best Safe Dog Toys
best Safe Dog Toys
Dog owners love to think of their dogs as children. “That’s my baby,” they’ll say when referring to their dogs.
They’ll refer to themselves as “Mommy” or “Daddy” when talking to their dogs as well. And, of course, they buy their dogs toys to play with.
Choosing the right dog toys can be tricky. People like to get cute, squeaky toys for their dogs or give them stuffed animals to chew on and carry around
(the stuffed toy becomes the dog’s “baby” quite often – “Get your baby, checkers! Checkers, where’s your baby?”) because they think it’s “adorable.” Dog toys don’t need to be “cute.” They need to be practical, fun for the dog, durable, and safe.
Avoid Non-Toy “Toys”
For as lovable, loyal, friendly, and playful as they are, dogs are not the brightest creatures. They are naturally attracted to things that can cause them the most harm.
It’s important to start early with your dog, providing save toys to chew and play with while teaching the animal to avoid household items it may wish to use as toys.
Dogs love to chew on pantyhose, for example, but these could easily be partially ingested, choking the dog. Some dogs will chew on power cords, risking a harmful (or fatal) electric shock. Teach your dog early on what things are for chewing and playing and what things are off limits.
The Best, Safest Dog Toys
The size of a toy is an important consideration. Kongs, balls, and other typical toys must be small enough that the dog can chew them and carry them, but not so small that they can become lodged in the dog’s mouth or throat.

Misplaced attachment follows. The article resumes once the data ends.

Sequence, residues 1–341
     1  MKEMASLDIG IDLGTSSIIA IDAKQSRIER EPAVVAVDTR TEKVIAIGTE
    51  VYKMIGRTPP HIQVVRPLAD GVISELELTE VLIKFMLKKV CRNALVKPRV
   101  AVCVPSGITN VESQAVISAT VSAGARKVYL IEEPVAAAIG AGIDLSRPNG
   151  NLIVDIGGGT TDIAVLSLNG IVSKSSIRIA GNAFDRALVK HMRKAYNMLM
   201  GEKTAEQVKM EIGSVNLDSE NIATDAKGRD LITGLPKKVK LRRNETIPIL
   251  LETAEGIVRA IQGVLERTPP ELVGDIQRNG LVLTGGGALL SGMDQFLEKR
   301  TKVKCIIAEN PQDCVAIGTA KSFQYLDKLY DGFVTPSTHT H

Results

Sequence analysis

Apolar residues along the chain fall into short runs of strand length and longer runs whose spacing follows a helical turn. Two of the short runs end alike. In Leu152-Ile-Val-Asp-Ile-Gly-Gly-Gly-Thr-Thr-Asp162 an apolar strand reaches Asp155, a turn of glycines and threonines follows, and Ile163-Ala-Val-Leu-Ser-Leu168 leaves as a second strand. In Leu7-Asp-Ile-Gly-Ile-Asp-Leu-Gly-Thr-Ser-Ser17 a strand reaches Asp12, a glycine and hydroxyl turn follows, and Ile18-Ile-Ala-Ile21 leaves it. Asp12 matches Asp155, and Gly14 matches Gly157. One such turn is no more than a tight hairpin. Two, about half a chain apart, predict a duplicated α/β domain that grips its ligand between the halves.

Durability is a factor, especially for a dog that loves to chew. A toy that will break apart easily can become a hazard as the small, sharp parts can be swallowed, caught in the throat, or cut the mouth and gums.
Again, a hard rubber Kong (easily one of the best dog toys ever conceived) is an excellent choice.
Softer toys, like the popular “squeak” toys made of thin plastic and full of air are good for dogs that are a bit gentler. They’re unlikely to chew through such items and are usually attracted by the squeaking sound.
Tennis balls are great for some dogs, but poor choices for others. This is a question of size ratios.
If the dog is too small to fit a tennis ball all the way in its mouth, then it can be an excellent toy that the dog will love but costs very little. If the ball can fit all the way in the dog’s maw, however, it becomes a choking hazard.
No, you don’t wind them up and they don’t take batteries